Co-op Group members vote in favour of reforms
Members of the troubled Co-operative Group have voted in favour of reforming how the business is run.
The group has been in turmoil since a £1.5bn hole emerged in its finances last year, forcing it to sell off parts or all of its farming, pharmacies and banking divisions.
Changes to the structure of the board were proposed, but had met stiff resistance from some key figures.
But 83.7% of members voted in favour of the changes.
The plans were proposed by former City minister Lord Myners and were accepted in principle in May.
Lord Myners had blamed the structure of the Co-op Group's board for much of the chaos surrounding the business.
Among the changes:
- A group board of 11 people will be set up, with a majority of independent directors. This has been reduced from 20 people previously
- The board will comprise an independent non-executive chair, five independent non-executive directors, two executive directors (including the group chief executive) and three member-nominated directors
- A council will represent members and act as the group's guardian. The body, to comprise a maximum of 100 members, will have power to hold the group board to account
- A senate, elected by the council, will help co-ordinate the activities of the council and act as a nexus for interactions between the council, the board, the executive and members.
Ursula Lidbetter, chair of the Co-operative Group, called it a "momentous and defining moment".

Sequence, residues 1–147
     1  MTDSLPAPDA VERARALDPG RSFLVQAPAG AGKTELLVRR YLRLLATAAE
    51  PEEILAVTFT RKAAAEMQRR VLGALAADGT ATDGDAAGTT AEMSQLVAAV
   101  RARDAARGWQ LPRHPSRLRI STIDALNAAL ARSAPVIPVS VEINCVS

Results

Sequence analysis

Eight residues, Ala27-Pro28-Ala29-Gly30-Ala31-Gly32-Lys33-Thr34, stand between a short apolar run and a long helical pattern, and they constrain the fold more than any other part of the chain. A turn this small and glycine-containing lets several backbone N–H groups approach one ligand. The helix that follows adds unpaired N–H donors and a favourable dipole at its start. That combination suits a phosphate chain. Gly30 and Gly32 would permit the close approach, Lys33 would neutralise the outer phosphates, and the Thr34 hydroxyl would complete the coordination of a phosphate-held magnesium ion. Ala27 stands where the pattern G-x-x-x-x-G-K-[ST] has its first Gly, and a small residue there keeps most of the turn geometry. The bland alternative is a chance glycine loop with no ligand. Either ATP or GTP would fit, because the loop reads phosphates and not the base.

"These reforms represent the final crucial step in delivering the change necessary to return the group to health," she said.
Patrick Gray, president of the Midcounties Co-op which opposed the original changes from Lord Myners, said the vote was "not necessarily the end of the matter but rather the beginning of a new phase".
He described the process as "exhausting".
"The effort now is to make new Co-op both commercial and ethical. It's possible but difficult to achieve and depends on how the new [commercially focused] board gets along with the also new [members'] council."
More business acumen
Following the discovery of the £1.5bn black hole in 2013, a deal was reached which saw the wider Co-op Group cede majority ownership of the bank to bondholders, including a number of US hedge funds.
In a separate scandal before the bank had to be rescued, revelations emerged about the bank's disgraced former chairman Paul Flowers, who pleaded guilty to drugs possession in May.
BBC business correspondent Joe Lynam said: "Today's vote is basically reinventing how the Co-op is run, putting it on a more commercial footing while retaining crucially the ethical background to the Co-Operative movement - the fact that it cannot be turned into a company at some stage in the future, that is one of the safeguards."
He added: "It will still very much be an ethically focused, members-driven organisation but with far more business acumen and experience going forward.
"That doesn't mean that there won't be a residue of a split-type movement - there are a lot of people who were very resistant to this change."